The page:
11. Microgravity Trainer

Visitors can manually roll and glide along a lowered friction floor while on their backs in a Simplified Aid for EVA Rescue (SAFER) system "jetpack". Visitors can reach an overhead task board and attempt to turn a large lever, hook and unhook plugs, and connect and disconnect hoses while applying the principle of Action/Reaction.

12. Lunar Jumper

Guests take on the role of planetary explorer and discover what it is like to walk on the Moon with 5/6ths less gravity than the Earth. They use their best mobility skills as they experience how astronauts moved on the surface of the Moon in this 5 minute experience. A Moon-themed terrain creates a challenging maneuvering environment. A graphic backdrop also gives a visual reference for the simulation.

13. Planetscapes Panel

Planetary atmospheric and surface features are explored by guests via a graphical panel with fun facts.

14. Planetary Weight

Visitors get a physical understanding of how an item’s weight on Earth compares if they are on other planets or moons in our solar system. The chosen item could be a sponsors’ item (e.g.Coca-Cola can, Titleist golf ball) or a random item.

15. Space Missions Video

Guests gather around the video viewer for the sights and sounds of astronaut missions in space with highlighted technological advances.

16. Mission to Mars

Four (4) guests at a time enter a futuristic Mars-bound spacecraft for an exciting 7-minute journey to the Red Planet. Guests skip off the atmosphere to slow down and descend to the surface where they then proceed to view some of Mars most famous surface features.


17. Mars Flyer

The Mars Flyer simulation is a futuristic fantasy mission set during the early stages of human exploration of Mars. The experience revolves around the crew of Shepard Base, a small scientific station located in the Marineris Valley. Having learned of the impending arrival of an intense Martian dust storm, a search team must set out aboard jetpacks to locate a missing robotic rover craft called Sojourner. The goal: to mark Sojourner’s location for later retrieval and return safely back to the base before the storm hits. Guest astronauts call upon their best time management, navigation, and logical deduction skills as they take the controls of a jetpack to search for the lost robot: Sojourner. The unusual flight characteristics of the jetpack and visual scenes based on real-life Martian geography heighten the thrill of this one-of-a-kind adventure. A graphic backdrop also gives a visual reference for the simulation.

18. Missions to Mars Panel

Past and future Mars missions are explored by guests via a graphical panel with fun facts. Also,on one section of the panel, they will have fun taking photos of each other as they "suit up" as a Mars explorer in a 3-dimensional photo opportunity. Steps on the back side of the panel will allow children of all sizes to reach the suits’ helmet photo port.

19. Spacecrafts & Habitats Panel

Past and future spacecraft and habitat concepts are explored by guests via a graphical panel with fun facts.

20. Mars Rovers

"We have a GO for exploration!" as guests take on the role of a remote scientist and discover robotics like those that have explored the Moon and Mars. The goal: to guide a robotic rover on an exploration mission. Guests call upon their best hand-eye coordination and navigation skills as they take control of one of two 2/3rds scale Soujourner-type rovers and explore a quadrant of the Mars surface. Guests can either move the rovers freely or follow a pre-set pattern of exploration in this 3-5 minute experience. A texturized surface creates a challenging rover maneuvering area. A graphic backdrop also gives a visual reference for the simulation.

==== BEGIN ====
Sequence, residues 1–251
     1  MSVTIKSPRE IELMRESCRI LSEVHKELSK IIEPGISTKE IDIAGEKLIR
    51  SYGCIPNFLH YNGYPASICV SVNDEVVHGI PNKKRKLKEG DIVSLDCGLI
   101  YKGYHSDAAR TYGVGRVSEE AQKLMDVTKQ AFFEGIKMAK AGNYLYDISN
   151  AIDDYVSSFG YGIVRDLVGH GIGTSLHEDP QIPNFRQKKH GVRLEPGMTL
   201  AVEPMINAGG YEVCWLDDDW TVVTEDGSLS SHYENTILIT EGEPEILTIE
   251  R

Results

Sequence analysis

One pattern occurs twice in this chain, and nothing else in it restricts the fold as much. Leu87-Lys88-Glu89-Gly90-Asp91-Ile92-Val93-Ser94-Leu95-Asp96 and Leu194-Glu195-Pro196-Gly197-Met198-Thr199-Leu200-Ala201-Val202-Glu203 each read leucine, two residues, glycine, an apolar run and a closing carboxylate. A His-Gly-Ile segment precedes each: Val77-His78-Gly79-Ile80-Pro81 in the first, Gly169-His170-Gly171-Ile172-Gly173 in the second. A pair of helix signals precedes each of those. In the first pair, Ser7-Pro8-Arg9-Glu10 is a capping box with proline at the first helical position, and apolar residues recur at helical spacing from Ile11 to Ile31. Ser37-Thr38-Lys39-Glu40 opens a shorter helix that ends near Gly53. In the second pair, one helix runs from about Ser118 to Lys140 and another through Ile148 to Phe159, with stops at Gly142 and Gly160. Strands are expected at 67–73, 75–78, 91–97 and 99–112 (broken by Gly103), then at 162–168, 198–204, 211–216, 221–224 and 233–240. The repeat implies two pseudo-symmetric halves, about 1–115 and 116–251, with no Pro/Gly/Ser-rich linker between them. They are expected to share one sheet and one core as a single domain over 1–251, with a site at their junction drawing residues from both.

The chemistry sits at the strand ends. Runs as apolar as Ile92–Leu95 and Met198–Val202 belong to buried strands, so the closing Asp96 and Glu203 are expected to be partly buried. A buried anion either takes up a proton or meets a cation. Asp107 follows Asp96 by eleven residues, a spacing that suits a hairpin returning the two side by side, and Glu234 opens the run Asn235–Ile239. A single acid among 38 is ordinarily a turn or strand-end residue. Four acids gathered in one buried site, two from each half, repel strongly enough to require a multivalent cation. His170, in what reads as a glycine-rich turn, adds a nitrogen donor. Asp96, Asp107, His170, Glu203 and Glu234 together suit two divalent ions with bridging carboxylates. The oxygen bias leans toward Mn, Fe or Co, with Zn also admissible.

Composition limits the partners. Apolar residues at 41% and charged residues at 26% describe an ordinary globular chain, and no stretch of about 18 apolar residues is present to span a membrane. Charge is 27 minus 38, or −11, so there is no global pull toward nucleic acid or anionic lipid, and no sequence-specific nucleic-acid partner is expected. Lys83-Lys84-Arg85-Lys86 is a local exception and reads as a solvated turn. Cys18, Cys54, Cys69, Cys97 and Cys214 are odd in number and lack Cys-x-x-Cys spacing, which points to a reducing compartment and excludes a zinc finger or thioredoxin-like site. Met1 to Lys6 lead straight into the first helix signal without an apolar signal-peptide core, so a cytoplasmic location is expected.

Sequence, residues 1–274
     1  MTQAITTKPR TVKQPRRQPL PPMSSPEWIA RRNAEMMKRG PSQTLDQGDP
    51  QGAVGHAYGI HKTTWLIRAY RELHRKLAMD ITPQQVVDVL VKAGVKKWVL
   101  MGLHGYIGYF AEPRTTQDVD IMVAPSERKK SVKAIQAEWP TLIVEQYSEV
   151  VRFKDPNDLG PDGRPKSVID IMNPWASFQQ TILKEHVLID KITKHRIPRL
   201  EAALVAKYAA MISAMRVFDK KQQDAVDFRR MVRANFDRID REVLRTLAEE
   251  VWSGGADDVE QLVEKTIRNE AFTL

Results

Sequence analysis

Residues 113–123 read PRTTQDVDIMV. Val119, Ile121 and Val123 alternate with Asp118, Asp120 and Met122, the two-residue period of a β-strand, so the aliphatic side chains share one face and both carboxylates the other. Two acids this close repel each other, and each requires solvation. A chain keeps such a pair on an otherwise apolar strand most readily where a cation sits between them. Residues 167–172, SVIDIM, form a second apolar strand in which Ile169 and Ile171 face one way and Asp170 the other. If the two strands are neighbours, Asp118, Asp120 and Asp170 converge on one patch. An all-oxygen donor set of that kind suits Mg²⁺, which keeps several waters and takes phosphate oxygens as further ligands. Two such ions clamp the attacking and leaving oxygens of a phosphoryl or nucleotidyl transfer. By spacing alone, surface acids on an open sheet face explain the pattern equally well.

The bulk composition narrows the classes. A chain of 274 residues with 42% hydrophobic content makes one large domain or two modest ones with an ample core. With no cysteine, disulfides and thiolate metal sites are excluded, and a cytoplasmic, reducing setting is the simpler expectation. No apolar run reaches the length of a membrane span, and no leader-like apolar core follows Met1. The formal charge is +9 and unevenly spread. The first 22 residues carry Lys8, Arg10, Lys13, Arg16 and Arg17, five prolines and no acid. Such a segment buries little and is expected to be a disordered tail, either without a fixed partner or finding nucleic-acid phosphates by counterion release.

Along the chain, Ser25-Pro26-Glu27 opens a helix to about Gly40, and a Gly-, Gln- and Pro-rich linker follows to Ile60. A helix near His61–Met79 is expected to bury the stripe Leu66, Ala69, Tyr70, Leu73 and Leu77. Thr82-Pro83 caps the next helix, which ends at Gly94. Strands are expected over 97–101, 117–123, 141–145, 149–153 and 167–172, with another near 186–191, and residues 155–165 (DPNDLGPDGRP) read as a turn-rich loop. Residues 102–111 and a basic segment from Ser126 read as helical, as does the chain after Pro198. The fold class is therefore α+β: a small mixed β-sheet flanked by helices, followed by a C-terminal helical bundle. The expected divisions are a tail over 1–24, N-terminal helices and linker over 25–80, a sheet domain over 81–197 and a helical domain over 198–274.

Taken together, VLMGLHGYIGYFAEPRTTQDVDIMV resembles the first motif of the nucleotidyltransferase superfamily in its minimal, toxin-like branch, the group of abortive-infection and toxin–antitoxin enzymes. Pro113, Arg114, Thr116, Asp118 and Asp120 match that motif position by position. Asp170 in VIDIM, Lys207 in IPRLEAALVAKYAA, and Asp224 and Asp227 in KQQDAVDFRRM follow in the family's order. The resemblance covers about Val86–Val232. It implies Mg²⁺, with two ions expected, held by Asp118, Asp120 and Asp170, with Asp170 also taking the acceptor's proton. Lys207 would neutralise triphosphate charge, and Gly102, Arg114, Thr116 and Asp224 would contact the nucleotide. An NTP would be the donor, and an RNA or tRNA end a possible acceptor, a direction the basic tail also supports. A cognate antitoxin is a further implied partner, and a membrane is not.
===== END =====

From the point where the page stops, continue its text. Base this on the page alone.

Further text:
21. It Takes a Team Video

Guests gather around the video viewer for a glimpse into the sights and sounds of the peoplebehind the astronauts and space missions.

22. Planetary Play Area

A foam Saturn slide and Moon crater create a small themed play area for the youngest guests.They can also become the engineers of the future as they build their own space stations on a large board with magnetic foam space station pieces.

23. Space Tourism Panel

The potential of Space Tourism is explored by guests via a graphical panel with fun facts.

24. Destination Space

Visitors can learn about our Solar System as Bernoulli blowers keep planets suspended in a unique presentation of planetary orbits. A graphic backdrop also gives a visual reference and fun facts regarding deep space travel through the solar system.

25. Gyro

Guests find out just what it is like to be in an out-of-control spacecraft. The goal: to keep from being disoriented in order to regain control of your spacecraft. Guests use their center of gravity and weight distribution to change the direction of the multiple-axis rings in this fun and exhilarating 3-5 minute experience. This not-to-be-missed trainer, not only simulates astronaut trainers, but also let's guests feel the gravitational effects of being inside of a gyroscope. The gyro is located on a stage that can have a dual use for educational presentations.

26. Spinoffs

Space exploration has benefited humankind in ways that are a matter of everyday life, part of sports and play or a matter of life or death. Technologies and products developed for space with relevance to the public are displayed in cases. Suggested items for display are: Tensegritoy, Smoke Alarm, Digital Clock, K2 Ski Helmet, Carbon Fiber Golf Club, Graphite Tennis Racket, Raichle Flexon Ski Boot, Bar Coding, Sun Glasses, Cordless Tools, Thermal Gloves, SpacePens, Football Helmets/Bike Helmets, Joysticks, Portable Cooler/Warmer, Athletic Shoes (Specific brand), Sports Bras, Fogless Ski or Swimming Goggles, Water Purifier, Space Blanket, Solar Power, and Zen Perfume. A small accompanying text panel explains the importance of spinoffs and technology transfer.